Book Review: David and Goliath by Malcolm Gladwell

 

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David and Goliath by Malcolm Gladwell is a bookshelf must in my opinion. A beautifully written piece, this book can be devoured in a single read (though it took me 2 days). David and Goliath isn’t like your regular novels to have a story line and a set of characters spinning around it. It’s one of the most empowering books that carries an aura of reality and sensibility. I’ve read many books in the past but this is nowhere close to it. I think the message that was intended to be conveyed was laid out perfectly without any confusion. If you’re a person who like reading about practicality, sense peppered with a little of psychology then this is “the one”. Being myself, I was initially quite skeptical about purchasing a bestseller. Thankfully that sense of doubt didn’t overwhelm me to leave it out of my bookshelf. It’s not penned in a complex manner, it’s very simple such that even a layman can understand the information it carries.

First of all, I again repeat this isn’t our titty tatty novel types. This is a non fiction book that talks about the misconceptions we’ve been perceiving throughout our lives. It talks more of the probability in which events we think won’t take place, does take place with lots of statistical data. it defines the thin line between reality and our thoughts. I personally think the author went out of track in the last few pages where he couldn’t sketch his references properly. The main concept was sidelined in that part of the book (maybe some ten pages). Nevertheless, it conveys the point it was primarily purposed to.  At some point, I felt that there were too many repetitive examples around the same subject. Though it was a way to prove a point, but at one point it became predictable as to what he was trying to convey. Even though I might take a lot of information from the book, I think repetition and the side tracking of the main objective (in the latter part) could have been avoided. Malcolm gives a lot of information on the war histories in different parts of the world over and over, this can be a major keep away for people who are ignorant about history or dislike history. It can take away the engaging ability of the reader.

The first half is engaging. I like how he shatters our notions one by one slowly. That was exhilarating. The main objective of the book is that Giants are not powerful and a sheep isn’t weak. He draws out examples as to how a sheep can also have a considerable success rate when confronting giants. He talks about situations where weakness doesn’t retard you at all. My favorite part would be the place where he talks about Jay and the Impressionists. I might have learned a lot from those two chapters than what I’ve learned throughout my life. This book kind of reached me at the right time and at the right minute when I had to undergo terrible turbulence in my decisions. One of the biggest messages I take from this book is this ” Never be a little fish in a big pond. Be a big fish in a little pond”.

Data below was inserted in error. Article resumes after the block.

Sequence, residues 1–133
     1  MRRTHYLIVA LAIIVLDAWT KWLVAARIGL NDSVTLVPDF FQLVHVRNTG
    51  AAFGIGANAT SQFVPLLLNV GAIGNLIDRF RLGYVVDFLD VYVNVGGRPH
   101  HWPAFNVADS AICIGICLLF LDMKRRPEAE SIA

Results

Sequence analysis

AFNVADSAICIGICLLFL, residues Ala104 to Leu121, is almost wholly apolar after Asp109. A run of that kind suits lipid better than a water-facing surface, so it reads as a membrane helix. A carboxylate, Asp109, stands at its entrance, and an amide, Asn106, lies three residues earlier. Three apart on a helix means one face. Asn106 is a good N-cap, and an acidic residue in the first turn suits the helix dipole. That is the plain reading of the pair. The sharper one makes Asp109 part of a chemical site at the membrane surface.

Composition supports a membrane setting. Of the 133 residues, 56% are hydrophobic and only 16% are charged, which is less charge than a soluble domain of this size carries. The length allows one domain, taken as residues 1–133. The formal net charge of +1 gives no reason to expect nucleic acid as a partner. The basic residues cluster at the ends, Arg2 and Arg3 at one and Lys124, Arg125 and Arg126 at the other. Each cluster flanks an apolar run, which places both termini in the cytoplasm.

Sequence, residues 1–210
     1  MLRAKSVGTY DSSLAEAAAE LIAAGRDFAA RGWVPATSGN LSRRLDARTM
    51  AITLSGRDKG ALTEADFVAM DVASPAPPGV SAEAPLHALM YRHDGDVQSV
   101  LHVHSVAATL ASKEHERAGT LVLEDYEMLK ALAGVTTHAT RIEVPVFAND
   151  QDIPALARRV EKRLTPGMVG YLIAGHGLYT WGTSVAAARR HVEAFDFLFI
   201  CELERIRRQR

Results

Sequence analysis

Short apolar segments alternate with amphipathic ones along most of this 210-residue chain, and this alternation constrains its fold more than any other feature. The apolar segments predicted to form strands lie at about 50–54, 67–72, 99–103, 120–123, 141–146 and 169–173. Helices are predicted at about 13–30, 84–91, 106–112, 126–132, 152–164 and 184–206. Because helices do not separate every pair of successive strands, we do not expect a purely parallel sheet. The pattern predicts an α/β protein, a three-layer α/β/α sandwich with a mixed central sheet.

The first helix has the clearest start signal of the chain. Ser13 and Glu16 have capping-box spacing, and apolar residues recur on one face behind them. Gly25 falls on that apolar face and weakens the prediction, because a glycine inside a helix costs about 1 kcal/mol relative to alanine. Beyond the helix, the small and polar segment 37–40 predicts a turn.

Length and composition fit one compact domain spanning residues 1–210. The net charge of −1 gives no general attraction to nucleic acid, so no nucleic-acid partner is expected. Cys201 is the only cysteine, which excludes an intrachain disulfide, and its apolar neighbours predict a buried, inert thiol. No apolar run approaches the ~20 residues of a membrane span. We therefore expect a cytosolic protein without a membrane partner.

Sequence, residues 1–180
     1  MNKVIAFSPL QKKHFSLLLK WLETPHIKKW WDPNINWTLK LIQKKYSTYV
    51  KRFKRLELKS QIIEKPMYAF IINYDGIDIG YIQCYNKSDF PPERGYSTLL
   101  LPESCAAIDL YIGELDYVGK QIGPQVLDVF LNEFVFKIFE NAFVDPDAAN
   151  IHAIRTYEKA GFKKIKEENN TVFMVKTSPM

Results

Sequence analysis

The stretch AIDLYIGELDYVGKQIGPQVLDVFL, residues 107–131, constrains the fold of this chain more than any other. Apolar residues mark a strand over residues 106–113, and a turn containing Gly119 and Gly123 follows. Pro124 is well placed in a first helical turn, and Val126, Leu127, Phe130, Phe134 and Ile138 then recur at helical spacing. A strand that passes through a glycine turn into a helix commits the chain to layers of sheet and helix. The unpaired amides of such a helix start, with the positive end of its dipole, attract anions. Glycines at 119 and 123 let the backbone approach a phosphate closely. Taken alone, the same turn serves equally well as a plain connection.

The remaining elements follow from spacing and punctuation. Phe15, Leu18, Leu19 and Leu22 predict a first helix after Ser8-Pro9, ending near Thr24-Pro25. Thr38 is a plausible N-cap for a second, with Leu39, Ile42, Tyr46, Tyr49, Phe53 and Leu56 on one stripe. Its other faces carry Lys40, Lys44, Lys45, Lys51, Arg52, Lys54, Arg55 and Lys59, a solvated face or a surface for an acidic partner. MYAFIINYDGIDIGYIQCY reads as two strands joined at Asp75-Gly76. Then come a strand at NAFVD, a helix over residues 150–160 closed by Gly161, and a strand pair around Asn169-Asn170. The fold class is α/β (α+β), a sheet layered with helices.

Would I recommend this book? Yes, certainly. It has so many advantageous takeaways over cons. It was an engaging read in my perspective. But from others? It’s up to you to decide. I would say go for it if you like shattering your opinions, reading about wars, inventions, how you can battle your weakness and most importantly how to handle giants using your brains.

Overall Rating: 4.3/5

Language: 4.6/5

 

 

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2 Comments Add yours

  1. Brian Geiger says:

    I’ll have to pick this one up. Having just finished Outliers, despite some hesitance to give Gladwell a shot, I thoroughly enjoyed it. He’s an excellent writer, if a bit hypothetical.

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    1. Yes, I feel he has a lot of repetitions in his work. I read Blink and ‘David and Goliath’. Both have the same set of mild flaws of repetition and sometimes at certain junctures I feel the interpretation to be a bit absurd. Also at times to prove a certain point, he gives examples from similar incidents and moves it along with them which is a bit of a drag. Do give it a shot. Never read Outliers though. I should.

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